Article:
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I went to the zoo today with Little One and took some pictures. I'll link to a few on .Mac's HomePage as soon as HomePage ceases to experience problems…

Almost all of the pictures turned out about as well as I expected, and there are some pretty nifty ones. I was shorted a little bit with the 28-135 lens. I think the 75-300/4.0-5.6 IS would be ideal for the zoo ($415), but I'm also considering the 100-400/4.5-5.6L IS as well ($1415) because I'm going to need to take some pictures at a golf tournament or two in late May/early June (discussion here).

Most of the shots at the zoo, as I said, came out as expected, and had a really nice tonal range. A few of the duck pictures, though, are quite concentrated in the midtone region.


I cropped a little out of this shot, but it was mostly more murky water.

10 Responses to "Midtones"

  1. Other pictures can be found here.

  2. That little girl is a cute as a button! Too bad you don't have a Nikon!

  3. For those of us learning more about photography by reading your blog entries about this new camera, can you say a little more about whether having things concentrated in the midtone region is a good thing and why or why not?

  4. I wouldn't say it is necessarily a good or bad thing, it all depends what kind of image you originally photographed, and what kind of image you are after. Having said that however, it is generally better to have a histogram that has "spikes" spanning from the left most side (the darks, or shadows) across to the right side (the lights, or highlights). The reason for this is because you usually want to maximize the tonal range (from left most to right most part of the histogram) in your photograph. If you have it all bunched up in the middle like Erik's shows, you wind up with a dull image with no real highlights or deep shadows to speak of. I should clarify, it appears that Erik does indeed have some bright highlights and dark shadows, but he just doesn't have a lot of either, thus the bunching up in the middle (showing predominantly midtones). The vertical spikes in the histogram indicate how much of the image is found at a particular brightness level. There are of course exceptions, such as very foggy scenes. These scenes will usually have bunched up middle areas of the histogram which can be desirable if you are after a moody image. As I stated, it's not necessarily a good or bad thing. It is what it is. Erik mentioned cropping this image, but said there was more "murky" water in it. This makes sense as to why the histogram looks the way it does. The camera saw all this midtone "murkiness" and exposed for it. So the camera thinks the majority of the scene was greyish and exposed accordingly. A lot of what your histogram looks like is directly related to what your capturing looks like. If there are many midtones, as in Erik's shot, the histogram will simply reflect that. I hope I described that in a way that makes sense. If not let me know, and I can clarify. Thanks

  5. Todd,

    You are flat out wrong that a histogram with spikes spanning your whole histogram is a generally desirable trait. There's absolutely nothing wrong with a histogram where you have a distribution centered on the middle with no strong peaks in the highlights/shadows. For instance, when you take a shot of a bird against a sky (or water), you often end up with a histogram like that. Keep in mind that histograms are pixel counts. If most of the image is a middle color, such as the middle colors of the water and bird, then it simply means that your count will be higher there.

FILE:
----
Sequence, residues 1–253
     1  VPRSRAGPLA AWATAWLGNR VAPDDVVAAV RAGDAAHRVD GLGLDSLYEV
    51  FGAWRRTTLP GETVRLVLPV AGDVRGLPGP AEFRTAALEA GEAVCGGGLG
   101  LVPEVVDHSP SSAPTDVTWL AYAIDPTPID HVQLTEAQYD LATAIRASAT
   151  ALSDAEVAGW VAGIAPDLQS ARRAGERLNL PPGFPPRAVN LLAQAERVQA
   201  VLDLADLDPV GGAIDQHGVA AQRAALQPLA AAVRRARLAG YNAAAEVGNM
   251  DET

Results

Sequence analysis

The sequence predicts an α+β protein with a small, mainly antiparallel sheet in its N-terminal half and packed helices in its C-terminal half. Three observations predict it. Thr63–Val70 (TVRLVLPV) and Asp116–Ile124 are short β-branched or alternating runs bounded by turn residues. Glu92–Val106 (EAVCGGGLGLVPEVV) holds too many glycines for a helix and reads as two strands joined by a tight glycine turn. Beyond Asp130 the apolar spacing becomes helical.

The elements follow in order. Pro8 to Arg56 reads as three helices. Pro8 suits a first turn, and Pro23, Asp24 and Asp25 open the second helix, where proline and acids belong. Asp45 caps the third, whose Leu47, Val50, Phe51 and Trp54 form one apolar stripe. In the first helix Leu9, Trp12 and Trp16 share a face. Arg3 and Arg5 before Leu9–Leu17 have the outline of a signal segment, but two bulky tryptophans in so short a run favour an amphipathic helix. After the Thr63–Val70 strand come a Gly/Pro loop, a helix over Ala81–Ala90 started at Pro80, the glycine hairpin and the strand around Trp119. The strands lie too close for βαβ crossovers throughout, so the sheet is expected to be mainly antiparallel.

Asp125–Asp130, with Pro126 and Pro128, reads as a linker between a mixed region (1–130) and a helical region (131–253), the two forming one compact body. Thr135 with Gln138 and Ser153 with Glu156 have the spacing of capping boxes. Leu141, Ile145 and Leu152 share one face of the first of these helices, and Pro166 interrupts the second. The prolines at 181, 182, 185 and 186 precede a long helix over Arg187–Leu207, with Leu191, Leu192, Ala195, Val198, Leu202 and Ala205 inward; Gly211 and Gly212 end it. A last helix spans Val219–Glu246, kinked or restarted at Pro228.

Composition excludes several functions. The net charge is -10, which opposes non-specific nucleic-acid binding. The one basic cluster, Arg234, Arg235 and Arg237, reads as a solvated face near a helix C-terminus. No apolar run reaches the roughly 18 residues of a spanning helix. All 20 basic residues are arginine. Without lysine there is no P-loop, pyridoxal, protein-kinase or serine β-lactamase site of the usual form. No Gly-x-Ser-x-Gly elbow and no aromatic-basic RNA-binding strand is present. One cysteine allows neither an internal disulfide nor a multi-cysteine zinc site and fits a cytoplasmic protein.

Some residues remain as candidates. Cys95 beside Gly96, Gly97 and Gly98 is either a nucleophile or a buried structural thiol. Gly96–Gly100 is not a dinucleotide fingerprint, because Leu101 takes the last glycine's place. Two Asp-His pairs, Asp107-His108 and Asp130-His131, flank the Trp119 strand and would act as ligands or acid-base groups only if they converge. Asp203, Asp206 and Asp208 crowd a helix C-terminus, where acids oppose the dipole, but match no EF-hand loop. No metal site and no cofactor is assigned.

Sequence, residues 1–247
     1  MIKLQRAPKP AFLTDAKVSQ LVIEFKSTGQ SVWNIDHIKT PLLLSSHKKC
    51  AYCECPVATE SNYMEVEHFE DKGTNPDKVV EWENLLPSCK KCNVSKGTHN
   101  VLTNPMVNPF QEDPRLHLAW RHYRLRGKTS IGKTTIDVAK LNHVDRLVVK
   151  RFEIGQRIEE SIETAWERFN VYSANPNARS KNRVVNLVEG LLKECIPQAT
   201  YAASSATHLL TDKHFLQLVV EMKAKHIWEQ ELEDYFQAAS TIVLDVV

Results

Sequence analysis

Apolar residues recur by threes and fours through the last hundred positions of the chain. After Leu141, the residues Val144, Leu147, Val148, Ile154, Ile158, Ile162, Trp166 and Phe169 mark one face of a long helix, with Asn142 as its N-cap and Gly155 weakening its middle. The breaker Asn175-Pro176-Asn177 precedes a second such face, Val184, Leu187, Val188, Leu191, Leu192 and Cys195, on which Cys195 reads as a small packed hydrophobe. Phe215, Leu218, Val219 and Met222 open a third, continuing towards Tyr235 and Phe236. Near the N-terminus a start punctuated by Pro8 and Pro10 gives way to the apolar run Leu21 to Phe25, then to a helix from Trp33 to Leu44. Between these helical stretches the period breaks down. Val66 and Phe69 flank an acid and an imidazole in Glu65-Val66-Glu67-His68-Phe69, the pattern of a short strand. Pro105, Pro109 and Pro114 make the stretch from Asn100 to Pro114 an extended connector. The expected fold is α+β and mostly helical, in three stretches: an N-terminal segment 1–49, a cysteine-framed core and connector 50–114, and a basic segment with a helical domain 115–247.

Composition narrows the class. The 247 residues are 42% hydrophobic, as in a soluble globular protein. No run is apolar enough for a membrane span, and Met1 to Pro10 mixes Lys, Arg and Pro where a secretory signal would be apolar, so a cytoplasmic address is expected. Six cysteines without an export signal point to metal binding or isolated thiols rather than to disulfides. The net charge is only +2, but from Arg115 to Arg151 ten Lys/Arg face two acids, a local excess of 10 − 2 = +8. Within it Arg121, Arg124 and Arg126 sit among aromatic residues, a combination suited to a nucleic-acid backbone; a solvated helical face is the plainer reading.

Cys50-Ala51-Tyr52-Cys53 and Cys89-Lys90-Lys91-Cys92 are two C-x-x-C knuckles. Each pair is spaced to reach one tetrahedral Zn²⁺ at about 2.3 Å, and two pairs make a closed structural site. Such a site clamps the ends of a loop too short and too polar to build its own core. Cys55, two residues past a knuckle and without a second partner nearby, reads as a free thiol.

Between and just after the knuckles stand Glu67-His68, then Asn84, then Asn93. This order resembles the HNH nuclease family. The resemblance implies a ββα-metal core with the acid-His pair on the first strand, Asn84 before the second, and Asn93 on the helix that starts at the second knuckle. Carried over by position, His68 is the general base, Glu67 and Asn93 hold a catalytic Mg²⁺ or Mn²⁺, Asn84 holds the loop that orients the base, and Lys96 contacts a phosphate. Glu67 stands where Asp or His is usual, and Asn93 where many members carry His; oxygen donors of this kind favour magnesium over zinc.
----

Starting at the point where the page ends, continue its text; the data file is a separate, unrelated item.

Erik, when I look at your shot, the first thing that comes to mind is to use your flash to throw a bit of catch light into the duck's eye. You'd also want to wait for the duck to look at you or do something more interesting. I'd also put more room ahead of the duck than behind so that he has room to move. However, your tonal range is fine. It's a medium-toned image with no strong contrast, no strong dark areas, and no strong light areas. There's nothing wrong with it.

  6. Josh, in the original picture the duck has more room in front. And this is just for Little One's picture book, so I wasn't too worried about taking a good picture of a duck - just taking pictures of different things. That being said, I hear you about the flash.

  7. josh anon, in retrospect I agree with you. However, I also did explain that a histogram is neither good or bad, it simply is what it is, showing you how much of the image is found at a particular brightness level. While the histogram is simply a reflection of the image you photographed, that does not mean you can't change it in an image editing program later either. As a footnote, let me say that for ME personally, having spikes on both ends of the histogram is generally desirable, as I tend to prefer images with a little punch and contrast to them.

  8. I think you guys are kinda missing the forest for the trees here. The whole midtones discussion seems a bit much...

    Worry more about composition first....let the camera worry about the tones.

    for some of my images, look here

    Them's are just my dos centavos, I don't mean to dis anyone.

    P.S. The fill flash to bring out the detail in duck's head is a good idea. In the RAW mode, you should be able to bring up the Exposure Compensation +1, that might get it.

  9. The raw pictures out of my Canon 10D are dismally flat. First thing I do is pull the levels in from the two ends to where the left and right sides of the peak start. Then I'd up the contrast a bit on this one. If I'm working in Photoshop, then I adjust the R, G and B levels separately. I've put before and after pictures here.

  10. Kids are so much fun and so photogenic. My girl is three now and she flat out loves the zoo.